all citizens in maintaining the integrity of the watershed
for future generations. The purpose of the BRWA is to:
· Protect the high quality of the natural resources
of the watershed
· Promote community-wide responsible management
and use of public and private lands and waters
· Develop a full knowledgeable base for a deeper
understanding of regional systems, and the effects of
human activity on those systems
· Serve as a pro-active community forum for education,
coordination, and decision-making affecting the resources
of the watershed.
Today, after less than one year of "official"
existence, the new Bad River Watershed Association is
publishing a newsletter, has conducted a land-owner survey,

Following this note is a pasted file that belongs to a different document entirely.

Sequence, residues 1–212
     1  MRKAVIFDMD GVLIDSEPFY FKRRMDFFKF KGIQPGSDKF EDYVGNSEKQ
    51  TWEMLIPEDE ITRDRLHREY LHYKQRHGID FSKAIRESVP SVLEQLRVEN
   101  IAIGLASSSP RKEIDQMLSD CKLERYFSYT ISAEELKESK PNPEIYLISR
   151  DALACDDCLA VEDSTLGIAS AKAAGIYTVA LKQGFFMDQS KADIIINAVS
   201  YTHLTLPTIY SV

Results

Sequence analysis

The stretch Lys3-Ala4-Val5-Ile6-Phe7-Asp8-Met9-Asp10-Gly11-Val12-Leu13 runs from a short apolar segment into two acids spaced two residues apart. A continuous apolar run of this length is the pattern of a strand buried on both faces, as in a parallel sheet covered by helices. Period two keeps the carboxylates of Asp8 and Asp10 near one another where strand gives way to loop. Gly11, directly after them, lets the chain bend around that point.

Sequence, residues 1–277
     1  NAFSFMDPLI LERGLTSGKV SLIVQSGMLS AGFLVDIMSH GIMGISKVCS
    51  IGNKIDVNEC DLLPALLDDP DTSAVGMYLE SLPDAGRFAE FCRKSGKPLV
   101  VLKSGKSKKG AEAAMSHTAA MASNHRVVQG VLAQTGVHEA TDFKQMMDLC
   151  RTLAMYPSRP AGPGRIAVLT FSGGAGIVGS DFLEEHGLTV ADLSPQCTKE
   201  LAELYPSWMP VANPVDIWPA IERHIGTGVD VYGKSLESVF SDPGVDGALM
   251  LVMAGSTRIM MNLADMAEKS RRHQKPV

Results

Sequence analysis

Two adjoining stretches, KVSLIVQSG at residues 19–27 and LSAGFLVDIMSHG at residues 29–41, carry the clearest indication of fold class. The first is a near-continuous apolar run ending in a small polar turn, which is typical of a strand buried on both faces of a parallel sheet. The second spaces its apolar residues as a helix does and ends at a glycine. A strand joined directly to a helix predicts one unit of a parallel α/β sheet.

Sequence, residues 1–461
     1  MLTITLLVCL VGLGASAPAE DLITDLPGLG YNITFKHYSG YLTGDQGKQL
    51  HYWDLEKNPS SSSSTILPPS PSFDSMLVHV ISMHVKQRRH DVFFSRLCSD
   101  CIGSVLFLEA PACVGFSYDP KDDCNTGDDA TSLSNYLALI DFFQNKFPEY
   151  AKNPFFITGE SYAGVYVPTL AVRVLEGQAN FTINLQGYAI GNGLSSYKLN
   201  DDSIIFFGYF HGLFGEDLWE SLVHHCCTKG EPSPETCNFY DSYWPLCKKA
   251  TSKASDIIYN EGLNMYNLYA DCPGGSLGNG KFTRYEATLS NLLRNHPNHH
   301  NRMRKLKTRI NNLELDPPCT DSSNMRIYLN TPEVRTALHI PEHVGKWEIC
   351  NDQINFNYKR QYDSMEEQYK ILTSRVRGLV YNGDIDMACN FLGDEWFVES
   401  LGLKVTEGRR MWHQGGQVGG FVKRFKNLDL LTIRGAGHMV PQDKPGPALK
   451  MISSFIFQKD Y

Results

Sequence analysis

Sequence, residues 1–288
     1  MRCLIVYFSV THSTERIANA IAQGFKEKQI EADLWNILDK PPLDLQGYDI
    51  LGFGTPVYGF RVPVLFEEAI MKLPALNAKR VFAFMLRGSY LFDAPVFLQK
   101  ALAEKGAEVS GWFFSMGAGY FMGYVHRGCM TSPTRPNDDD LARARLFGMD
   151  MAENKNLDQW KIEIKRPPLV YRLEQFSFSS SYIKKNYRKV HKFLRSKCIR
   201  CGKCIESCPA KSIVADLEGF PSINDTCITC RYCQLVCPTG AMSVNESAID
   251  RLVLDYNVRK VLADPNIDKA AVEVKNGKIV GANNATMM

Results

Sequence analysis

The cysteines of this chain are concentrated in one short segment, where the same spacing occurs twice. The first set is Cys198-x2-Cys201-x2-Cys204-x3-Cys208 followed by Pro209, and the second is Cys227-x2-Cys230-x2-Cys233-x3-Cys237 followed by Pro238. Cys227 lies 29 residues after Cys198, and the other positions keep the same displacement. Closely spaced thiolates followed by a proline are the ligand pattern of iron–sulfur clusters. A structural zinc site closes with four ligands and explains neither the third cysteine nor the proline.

has recruited and trained volunteers to begin water-quality
monitoring, has purchased water quality monitoring equipment,
has incorporated as a nonprofit organization and is planning
its first annual membership meeting and watershed fair.
To assist in managing its early growing pains, the BRWA
is drawing from the experience and guidance of the River
Alliance of Wisconsin, who will be conducting a board
training session this summer.
Our ultimate goal in this project was to promote sound
land-use planning and zoning in Bayfield and Ashland counties.
A secondary goal was to foster strong citizen participation
in the planning process. With the efforts of the League,
Bayfield County has strengthened its shoreland-zoning
ordinance, Ashland County has decided to embark on land
use planning, has recently chosen a consultant, and has
applied for state "smart growth" funds. The
formation of the BRWA will help to serve as a voice for
the watershed and to encourage citizen involvement in
protecting the watershed from future environmental threats.
We were able to accomplish much more with the funds available
than we had originally thought.